Conflict across the world pours into our homes through the immediacy of television, and we can now see harrowing images unavailable when Britten took up the commission to write a piece for the consecration of the rebuilt Coventry Cathedral in 1961/62. The world was in a precarious state at this time: the Berlin Wall had gone up overnight in August 1961, and at the time of the first performance of this work in May 1962, Russian leader Nikita Khrushchev proposed placing nuclear missiles on Cuba which escalated the Cold War to crisis point in October that year. It was a time when the world came dangerously close to nuclear war, and the population genuinely faced an uncertain tomorrow for a critical few weeks. Britten’s War Requiem, using poetry from the First World War trenches, remembered the past, celebrated the present at Coventry, but it was written to serve as a warning for the future. “I hope it’ll make people think a bit”, he wrote after its first performance.

Coventry Cathedral
Coventry Cathedral

Setting Wilfred Owen’s deeply affecting First World War poetry interwoven with the Latin Requiem text was a masterstroke. Britten had successfully used the device of setting off-stage liturgy to emotionally heighten the high drama of the Sunday morning scene in Peter Grimes, and here he similarly scores for a boys’ choir whose hidden voices intensify Owen’s harrowing verses. The large main orchestra, choirs and soprano soloist sing the Requiem, but the emotional heart is Owen’s poetry sung by a tenor and baritone accompanied by a chamber orchestra speaking more intimately to the audience. All forces come together at the end as both the soldiers’ tales and Requiem unify as they sing “Let us sleep now / Requiescant in pace” before a hushed “Amen” drifts into silence.

The programming of this concert by the Royal Scottish National Orchestra was well timed, bridging the gap between Poppy Day remembrance and the weekend of Britten’s centenary celebrations: Scotland’s turn again in this captivating year-long festival, and timely as Glasgow looks ahead to leading the First World War centenary in August next year. The War Requiem brings enormous emotional reward for players and audience, but with the different combination of forces everything has to fall into place to make it work. The RSNO, chorus and junior chorus at home in Glasgow Concert Hall under Peter Oundjian succeeded brilliantly in many parts, from the haunting troubled opening with bells and hushed choir to the strident Dies irae with the large brass section on tip-top thrilling form, but there were odd moments where focus was lost.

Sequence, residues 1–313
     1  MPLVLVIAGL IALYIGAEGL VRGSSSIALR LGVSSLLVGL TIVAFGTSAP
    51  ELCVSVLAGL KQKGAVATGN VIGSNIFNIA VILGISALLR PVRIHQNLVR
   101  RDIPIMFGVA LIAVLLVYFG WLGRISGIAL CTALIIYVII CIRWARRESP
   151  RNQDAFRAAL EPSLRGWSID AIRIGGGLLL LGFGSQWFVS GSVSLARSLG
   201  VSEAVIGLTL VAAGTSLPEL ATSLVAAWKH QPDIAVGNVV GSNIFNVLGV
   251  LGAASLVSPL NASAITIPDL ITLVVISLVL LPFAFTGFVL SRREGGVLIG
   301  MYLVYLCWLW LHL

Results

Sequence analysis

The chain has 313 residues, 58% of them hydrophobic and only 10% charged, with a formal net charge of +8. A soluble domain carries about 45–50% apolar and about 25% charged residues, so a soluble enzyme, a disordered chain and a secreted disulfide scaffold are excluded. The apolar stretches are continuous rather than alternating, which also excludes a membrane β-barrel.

The excellently prepared RSNO junior chorus sounded a very long way off indeed in the Concert Hall, which was disappointing as their pure singing was one of the evening’s highlights. The main chorus took on the challenge of Britten’s difficult complicated score, and if they seemed slightly uneasy at the start of the long central Dies irae section, they were thrilling later in the Offertorium and Sanctus, singing with crystal-clear diction. Russian soprano Evelina Dobračeva (standing in for an indisposed Susan Gritton) soared in the Lacrimosa, heartbreakingly sung against Owen’s poem Futility.

The emotional punch this work carries relies on the two male soloists and chamber orchestra. Here, section leaders made up the ensemble and they played with meticulous, bright attention to detail. Lyrical tenor Jeffrey Francis and light-toned, sympathetic baritone Russell Braun generally carried Owen’s poems well, working together successfully in the chilling Parable of the Young Man and the Old, but at other times Francis struggled to get to the soulful kernel of the work, and directing his singing mainly to those on the left-hand side of the hall did not help.

I was hoping for a greater overall emotional impact from this evening, but certainly key parts have stayed with me, particularly the heartbreakingly poignant Strange Meeting and the start of the final passage of the Libera me as the junior chorus sang In paridisum from afar. The bells at the end recalled the anxious harmonies at the start and clearly emphasised the warning for the future. Although the world may not be quite as precarious as it was in 1962, the message is as relevant over 50 years later from the historic first performance.

***11